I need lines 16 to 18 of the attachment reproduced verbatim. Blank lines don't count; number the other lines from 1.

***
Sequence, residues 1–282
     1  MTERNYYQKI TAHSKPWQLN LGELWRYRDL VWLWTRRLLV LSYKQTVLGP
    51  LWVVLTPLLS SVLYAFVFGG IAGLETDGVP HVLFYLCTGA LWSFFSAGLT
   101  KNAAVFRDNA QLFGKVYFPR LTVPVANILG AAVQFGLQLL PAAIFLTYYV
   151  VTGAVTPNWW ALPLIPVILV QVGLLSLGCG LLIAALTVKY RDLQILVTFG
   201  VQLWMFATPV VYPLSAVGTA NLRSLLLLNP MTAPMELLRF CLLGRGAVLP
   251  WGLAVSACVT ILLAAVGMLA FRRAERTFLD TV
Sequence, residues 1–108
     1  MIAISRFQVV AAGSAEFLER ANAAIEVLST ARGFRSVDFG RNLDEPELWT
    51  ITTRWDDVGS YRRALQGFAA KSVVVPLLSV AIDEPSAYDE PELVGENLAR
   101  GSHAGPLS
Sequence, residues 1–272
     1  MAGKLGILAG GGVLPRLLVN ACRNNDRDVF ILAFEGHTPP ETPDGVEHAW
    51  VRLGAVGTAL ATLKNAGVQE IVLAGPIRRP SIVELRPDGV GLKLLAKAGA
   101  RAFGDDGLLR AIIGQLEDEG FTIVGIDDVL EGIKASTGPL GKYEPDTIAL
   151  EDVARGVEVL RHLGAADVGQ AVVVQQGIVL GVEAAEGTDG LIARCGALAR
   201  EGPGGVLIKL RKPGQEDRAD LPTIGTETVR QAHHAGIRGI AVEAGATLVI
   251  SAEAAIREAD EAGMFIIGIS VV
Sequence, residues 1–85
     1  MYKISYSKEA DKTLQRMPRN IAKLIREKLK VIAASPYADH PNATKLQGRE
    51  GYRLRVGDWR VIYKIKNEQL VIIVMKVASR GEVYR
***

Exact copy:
   151  EDVARGVEVL RHLGAADVGQ AVVVQQGIVL GVEAAEGTDG LIARCGALAR
   201  EGPGGVLIKL RKPGQEDRAD LPTIGTETVR QAHHAGIRGI AVEAGATLVI
   251  SAEAAIREAD EAGMFIIGIS VV